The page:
"I have," replied Harley, smiling grimly, "and a fee of five hundred guineas with it. I have also intimated to that distressed nobleman that this is a business office and that a laundry is the proper place to take his dirty linen. No, there's nothing further to-night, Innes. You can get along now. Has Miss Smith gone?"
But as if in answer to his enquiry the typist, who with Innes made up the entire staff of the office, came in at that moment, a card in her hand. Harley glanced across in my direction and then at the card, with a wry expression.
"Colonel Juan Menendez," he read aloud, "Cavendish Club," and glanced reflectively at Innes. "Do we know the Colonel?"
"I think not," answered Innes; "the name is unfamiliar to me."
"I wonder," murmured Harley. He glanced across at me. "It's an awful nuisance, Knox, but just as I thought the decks were clear. Is it something really interesting, or does he want a woman watched? However, his name sounds piquant, so perhaps I had better see him. Ask him to come in, Miss Smith."
Innes and Miss Smith retiring, there presently entered a man of most striking and unusual presence. In the first place, Colonel Menendez must have stood fully six feet in his boots, and he carried himself like a grandee of the golden days of Spain. His complexion was extraordinarily dusky, whilst his hair, which was close cropped, was iron gray. His heavy eyebrows and curling moustache with its little points were equally black, so that his large teeth gleamed very fiercely when he smiled. His eyes were large, dark, and brilliant, and although he wore an admirably cut tweed suit, for some reason I pictured him as habitually wearing riding kit. Indeed I almost seemed to hear the jingle of his spurs.
He carried an ebony cane for which I mentally substituted a crop, and his black derby hat I thought hardly as suitable as a sombrero. His age might have been anything between fifty and fifty-five.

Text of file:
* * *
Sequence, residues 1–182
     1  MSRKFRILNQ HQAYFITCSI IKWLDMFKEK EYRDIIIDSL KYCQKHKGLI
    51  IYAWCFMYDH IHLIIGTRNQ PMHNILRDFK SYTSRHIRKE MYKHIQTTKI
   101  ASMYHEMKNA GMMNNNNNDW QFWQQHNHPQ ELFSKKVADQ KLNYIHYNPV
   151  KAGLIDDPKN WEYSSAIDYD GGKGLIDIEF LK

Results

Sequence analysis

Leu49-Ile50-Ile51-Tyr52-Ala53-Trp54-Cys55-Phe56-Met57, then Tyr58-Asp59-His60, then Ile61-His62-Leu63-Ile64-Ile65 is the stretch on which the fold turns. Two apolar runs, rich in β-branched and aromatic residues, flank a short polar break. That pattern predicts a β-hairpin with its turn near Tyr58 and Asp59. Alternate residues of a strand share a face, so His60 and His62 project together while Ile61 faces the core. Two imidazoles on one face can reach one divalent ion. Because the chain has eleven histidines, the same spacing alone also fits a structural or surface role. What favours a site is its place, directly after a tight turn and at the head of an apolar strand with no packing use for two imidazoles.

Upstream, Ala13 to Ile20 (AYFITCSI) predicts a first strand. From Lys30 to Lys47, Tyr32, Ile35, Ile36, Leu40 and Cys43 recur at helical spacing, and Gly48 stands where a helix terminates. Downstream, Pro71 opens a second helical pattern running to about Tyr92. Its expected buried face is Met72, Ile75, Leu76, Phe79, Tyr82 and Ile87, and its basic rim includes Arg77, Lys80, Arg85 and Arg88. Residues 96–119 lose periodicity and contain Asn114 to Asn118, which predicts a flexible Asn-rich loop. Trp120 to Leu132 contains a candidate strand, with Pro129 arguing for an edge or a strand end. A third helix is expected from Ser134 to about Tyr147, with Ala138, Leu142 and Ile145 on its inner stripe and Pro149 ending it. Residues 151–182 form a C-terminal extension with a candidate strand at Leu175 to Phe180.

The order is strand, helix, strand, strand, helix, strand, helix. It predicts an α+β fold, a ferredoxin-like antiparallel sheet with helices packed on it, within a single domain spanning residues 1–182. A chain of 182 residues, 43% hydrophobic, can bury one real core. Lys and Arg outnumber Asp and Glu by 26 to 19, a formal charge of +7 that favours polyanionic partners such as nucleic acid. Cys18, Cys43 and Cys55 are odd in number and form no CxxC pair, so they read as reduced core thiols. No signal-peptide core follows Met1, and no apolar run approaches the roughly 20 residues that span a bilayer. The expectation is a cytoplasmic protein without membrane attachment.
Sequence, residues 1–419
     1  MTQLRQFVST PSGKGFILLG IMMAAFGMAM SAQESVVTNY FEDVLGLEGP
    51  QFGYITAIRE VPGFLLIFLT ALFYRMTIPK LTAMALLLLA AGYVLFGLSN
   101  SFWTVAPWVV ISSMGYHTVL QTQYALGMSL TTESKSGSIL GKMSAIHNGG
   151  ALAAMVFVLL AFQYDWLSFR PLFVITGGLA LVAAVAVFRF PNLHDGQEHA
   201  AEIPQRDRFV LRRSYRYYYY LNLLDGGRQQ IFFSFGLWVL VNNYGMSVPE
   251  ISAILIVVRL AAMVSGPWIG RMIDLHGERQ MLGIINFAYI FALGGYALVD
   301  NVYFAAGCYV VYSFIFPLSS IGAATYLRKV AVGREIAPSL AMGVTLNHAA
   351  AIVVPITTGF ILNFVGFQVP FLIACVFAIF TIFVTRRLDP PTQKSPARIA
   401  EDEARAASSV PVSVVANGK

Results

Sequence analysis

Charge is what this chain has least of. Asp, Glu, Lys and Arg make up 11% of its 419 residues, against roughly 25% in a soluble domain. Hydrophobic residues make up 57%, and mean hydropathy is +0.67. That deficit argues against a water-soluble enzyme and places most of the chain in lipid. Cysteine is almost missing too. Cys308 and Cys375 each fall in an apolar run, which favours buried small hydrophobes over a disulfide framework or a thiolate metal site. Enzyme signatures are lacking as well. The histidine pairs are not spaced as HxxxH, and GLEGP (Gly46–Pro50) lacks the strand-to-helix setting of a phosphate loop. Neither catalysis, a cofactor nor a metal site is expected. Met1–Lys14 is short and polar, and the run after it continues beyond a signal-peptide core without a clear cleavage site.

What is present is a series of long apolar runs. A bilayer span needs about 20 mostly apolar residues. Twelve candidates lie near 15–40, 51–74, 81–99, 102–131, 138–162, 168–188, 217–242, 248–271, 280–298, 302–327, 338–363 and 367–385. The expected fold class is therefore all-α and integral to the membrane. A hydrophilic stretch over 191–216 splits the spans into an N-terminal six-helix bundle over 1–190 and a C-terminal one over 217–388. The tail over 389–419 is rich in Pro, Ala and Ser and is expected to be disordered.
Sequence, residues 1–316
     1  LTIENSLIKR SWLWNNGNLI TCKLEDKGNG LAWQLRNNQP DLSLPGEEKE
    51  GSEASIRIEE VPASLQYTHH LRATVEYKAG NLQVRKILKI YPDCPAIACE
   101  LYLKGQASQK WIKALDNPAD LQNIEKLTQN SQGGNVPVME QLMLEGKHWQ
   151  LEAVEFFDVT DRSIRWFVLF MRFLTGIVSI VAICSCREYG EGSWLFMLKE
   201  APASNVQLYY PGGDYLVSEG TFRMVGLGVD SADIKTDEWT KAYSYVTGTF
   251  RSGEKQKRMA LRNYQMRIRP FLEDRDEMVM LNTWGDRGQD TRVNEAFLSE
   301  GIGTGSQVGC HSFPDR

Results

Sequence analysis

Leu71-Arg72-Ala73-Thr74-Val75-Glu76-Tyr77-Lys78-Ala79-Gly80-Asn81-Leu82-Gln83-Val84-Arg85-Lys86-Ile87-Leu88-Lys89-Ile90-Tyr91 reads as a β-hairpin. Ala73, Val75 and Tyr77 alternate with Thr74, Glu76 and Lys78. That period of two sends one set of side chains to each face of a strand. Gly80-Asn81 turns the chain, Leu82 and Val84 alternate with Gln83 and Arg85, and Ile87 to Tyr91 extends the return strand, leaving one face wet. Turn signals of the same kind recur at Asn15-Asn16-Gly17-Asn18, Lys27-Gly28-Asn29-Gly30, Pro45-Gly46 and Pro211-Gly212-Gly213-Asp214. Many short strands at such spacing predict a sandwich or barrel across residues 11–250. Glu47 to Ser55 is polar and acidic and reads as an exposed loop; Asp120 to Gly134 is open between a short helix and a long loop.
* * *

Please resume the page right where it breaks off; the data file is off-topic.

Standing in the doorway he bowed, and if his smile was Mephistophelean, there was much about Colonel Juan Menendez which commanded respect.
"Mr. Harley," he began, and his high, thin voice afforded yet another surprise, "I feel somewhat ill at ease to--how do you say it?-- appropriate your time, as I am by no means sure that what I have to say justifies my doing so."
He spoke most fluent, indeed florid, English. But his sentences at times were oddly constructed; yet, save for a faint accent, and his frequent interpolation of such expressions as "how do you say?"--a sort of nervous mannerism--one might have supposed him to be a Britisher who had lived much abroad. I formed the opinion that he had read extensively, and this, as I learned later, was indeed the case.
"Sit down, Colonel Menendez," said Harley with quiet geniality. "Officially, my working day is ended, I admit, but if you have no objection to the presence of my friend, Mr. Knox, I shall be most happy to chat with you."
He smiled in a way all his own.
"If your business is of a painfully professional nature," he added, "I must beg you to excuse me for fourteen days, as I am taking a badly needed holiday with my friend."
"Ah, is it so?" replied the Colonel, placing his hat and cane upon the table, and sitting down rather wearily in a big leathern armchair which Harley had pushed forward. "If I intrude I am sorry, but indeed my business is urgent, and I come to you on the recommendation of my friend, Senor Don Merry del Val, the Spanish Ambassador."
He raised his eyes to Harley's face with an expression of peculiar appeal. I rose to depart, but:
"Sit down, Knox," said Harley, and turned again to the visitor. "Please proceed," he requested. "Mr. Knox has been with me in some of the most delicate cases which I have ever handled, and you may rely upon his discretion as you may rely upon mine." He pushed forward a box of cigars. "Will you smoke?"
"Thanks, no," was the answer; "you see, I rarely smoke anything but my cigarettes."